How To Make The decision Between A Crib And A Bassinette

Ask any woman about the happiest day of her life and she will most likely state it was the day she had a child. For first time mommies, choosing a crib or bassinette can be a perplexing situation. Are cribs safe for a newborn? Is a bassinette truly useful or a waste of money? Any newborn sleeps more than sixteen hours a day.

While snuggling in mommy's arms is always appealing, it is not practical for a new mom. An infant does need a place to sleep. This place must be safe and comfortable. Those are the most important requirements for any infant's bedding. Bassinettes are small, often egg shaped bed that has tall sides, a skinny mattress, and sits on a wheeled stand.

To keep the legs and wheels from showing, a bassinette is often decorated with lacy skirts, ribbons, and bows. The basket portion of the bassinette is usually large enough to hold nothing more than the infant and a few blankets. Cradles are similar in size to a bassinette.

A cradle is often on a wooden stand that allows the wooden bed portion to rock slowly with manipulation from an adult. Cradles tend to bring about images of handmade wood cradles, roaring fires, and days of old. Many cradles are handed down from generation to generation. Cradles have low edges, so they are not recommended to any infant that is able to freely move around.

There is a danger of an infant rolling against the edge of the cradle and causing it to tip over. The best choice for any infant is a crib. Cribs are bigger and have extremely tall sides. One side of the crib drops down so that a parent can gently place the infant into the bed while sleeping.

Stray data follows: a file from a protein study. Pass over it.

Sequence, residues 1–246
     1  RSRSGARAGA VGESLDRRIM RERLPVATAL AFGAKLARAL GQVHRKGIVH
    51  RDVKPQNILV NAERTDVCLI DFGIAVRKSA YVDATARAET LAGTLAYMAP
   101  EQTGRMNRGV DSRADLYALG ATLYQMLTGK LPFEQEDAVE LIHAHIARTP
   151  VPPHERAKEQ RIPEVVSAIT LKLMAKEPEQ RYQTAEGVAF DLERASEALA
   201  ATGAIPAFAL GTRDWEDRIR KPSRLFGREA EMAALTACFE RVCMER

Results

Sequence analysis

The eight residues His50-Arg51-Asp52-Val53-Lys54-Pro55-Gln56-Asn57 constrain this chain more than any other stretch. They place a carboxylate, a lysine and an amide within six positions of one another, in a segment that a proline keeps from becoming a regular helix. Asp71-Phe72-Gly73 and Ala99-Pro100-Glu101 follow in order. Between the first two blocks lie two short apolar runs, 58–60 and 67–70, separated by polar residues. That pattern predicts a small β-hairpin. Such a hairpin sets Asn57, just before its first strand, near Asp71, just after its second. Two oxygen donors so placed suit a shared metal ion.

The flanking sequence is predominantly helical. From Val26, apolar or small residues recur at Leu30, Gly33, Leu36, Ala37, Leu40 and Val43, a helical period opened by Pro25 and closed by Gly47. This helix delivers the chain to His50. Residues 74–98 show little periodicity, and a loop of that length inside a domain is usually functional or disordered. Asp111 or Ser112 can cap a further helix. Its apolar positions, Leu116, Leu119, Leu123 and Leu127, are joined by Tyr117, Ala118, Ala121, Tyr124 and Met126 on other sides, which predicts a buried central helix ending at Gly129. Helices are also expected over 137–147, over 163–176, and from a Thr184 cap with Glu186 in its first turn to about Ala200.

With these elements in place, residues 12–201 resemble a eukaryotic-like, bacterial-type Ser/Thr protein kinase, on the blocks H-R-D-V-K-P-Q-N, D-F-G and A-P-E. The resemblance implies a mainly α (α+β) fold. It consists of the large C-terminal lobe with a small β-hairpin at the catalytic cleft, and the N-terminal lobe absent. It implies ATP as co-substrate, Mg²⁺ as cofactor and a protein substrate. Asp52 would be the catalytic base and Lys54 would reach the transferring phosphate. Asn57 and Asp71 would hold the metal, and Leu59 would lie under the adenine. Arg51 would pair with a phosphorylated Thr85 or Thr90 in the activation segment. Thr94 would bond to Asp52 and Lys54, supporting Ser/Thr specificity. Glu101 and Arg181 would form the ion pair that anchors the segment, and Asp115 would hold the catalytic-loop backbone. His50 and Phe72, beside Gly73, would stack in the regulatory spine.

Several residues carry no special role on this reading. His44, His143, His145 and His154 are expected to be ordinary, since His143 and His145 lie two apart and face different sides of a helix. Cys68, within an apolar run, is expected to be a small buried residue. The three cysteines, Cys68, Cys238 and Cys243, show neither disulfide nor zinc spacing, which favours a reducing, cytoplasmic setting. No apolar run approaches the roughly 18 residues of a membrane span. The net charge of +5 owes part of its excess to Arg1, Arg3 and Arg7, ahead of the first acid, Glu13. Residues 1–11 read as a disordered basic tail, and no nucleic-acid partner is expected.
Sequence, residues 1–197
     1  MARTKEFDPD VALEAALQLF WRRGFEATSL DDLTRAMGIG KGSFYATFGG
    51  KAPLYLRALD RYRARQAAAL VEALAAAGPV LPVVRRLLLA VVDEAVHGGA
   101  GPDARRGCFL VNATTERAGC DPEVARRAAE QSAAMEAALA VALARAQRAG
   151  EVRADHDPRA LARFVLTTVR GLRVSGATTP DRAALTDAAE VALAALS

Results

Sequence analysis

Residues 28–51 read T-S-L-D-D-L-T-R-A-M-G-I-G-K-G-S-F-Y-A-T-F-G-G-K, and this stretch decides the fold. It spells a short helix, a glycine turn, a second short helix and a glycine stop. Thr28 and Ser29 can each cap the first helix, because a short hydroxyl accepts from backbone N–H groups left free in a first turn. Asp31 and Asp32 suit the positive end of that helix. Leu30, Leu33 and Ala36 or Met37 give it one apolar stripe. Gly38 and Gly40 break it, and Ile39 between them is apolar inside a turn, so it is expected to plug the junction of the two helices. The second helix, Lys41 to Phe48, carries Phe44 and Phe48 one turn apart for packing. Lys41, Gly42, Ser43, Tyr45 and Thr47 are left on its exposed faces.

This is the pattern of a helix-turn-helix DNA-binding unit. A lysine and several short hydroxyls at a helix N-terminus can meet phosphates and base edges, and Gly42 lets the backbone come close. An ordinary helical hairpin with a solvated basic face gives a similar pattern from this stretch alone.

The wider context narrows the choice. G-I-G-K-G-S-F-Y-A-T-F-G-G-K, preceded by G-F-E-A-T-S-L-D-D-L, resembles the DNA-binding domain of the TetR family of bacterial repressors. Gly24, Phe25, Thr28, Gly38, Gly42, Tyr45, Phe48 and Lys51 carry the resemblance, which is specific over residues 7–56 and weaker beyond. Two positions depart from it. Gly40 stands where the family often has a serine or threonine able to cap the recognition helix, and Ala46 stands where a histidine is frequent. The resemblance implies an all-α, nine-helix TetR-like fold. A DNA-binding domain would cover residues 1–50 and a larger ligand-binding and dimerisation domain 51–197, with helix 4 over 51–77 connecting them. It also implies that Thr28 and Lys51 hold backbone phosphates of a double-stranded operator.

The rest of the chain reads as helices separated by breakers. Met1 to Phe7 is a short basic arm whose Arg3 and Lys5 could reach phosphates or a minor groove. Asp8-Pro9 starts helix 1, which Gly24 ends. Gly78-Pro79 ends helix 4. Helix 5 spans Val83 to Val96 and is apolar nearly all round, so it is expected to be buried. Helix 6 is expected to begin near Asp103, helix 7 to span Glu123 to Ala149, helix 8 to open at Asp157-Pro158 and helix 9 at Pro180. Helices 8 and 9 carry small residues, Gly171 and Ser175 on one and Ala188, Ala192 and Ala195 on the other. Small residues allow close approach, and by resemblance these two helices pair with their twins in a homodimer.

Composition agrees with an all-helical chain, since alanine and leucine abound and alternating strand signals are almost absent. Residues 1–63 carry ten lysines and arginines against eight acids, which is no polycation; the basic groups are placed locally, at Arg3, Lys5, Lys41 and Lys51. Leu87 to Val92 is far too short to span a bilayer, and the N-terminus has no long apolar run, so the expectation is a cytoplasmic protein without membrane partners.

Then the side is easily raised back up. Cribs offer two height settings for mattresses. The higher setting is for infants, and then the lower setting is for babies who are able to stand with assistance.

This keeps a baby from being able to fall over the edge of the crib rail. Often cribs can convert to toddler beds. Other parents opt to have their infant sleep in the same bed.

This can be dangerous, as a parent may well roll over in the night and crush their infant. If you must have your child in your bed, consider purchasing an attachable bedding system that attaches to the adult bed but is a separate, smaller sleeping area that only fits an infant. SIDS (Sudden Infant Death Syndrome) is a leading cause of infant death. To prevent against this make sure the bedding is firm, toys are left out of the crib, bassinette, or cradle. Use only light blankets or blanket sleepers. Excessive blankets can cause an infant to smother itself, especially when the infant begins to roll around.

It is critical to keep any potential suffocation device from toys to blankets to pillows away from an infant, baby, and toddler until that child is old enough to safely uncover his or her own face.

Gregg Hall is an author living in Navarre Beach, Florida. Find more about this as well as a personalized baby blanket at

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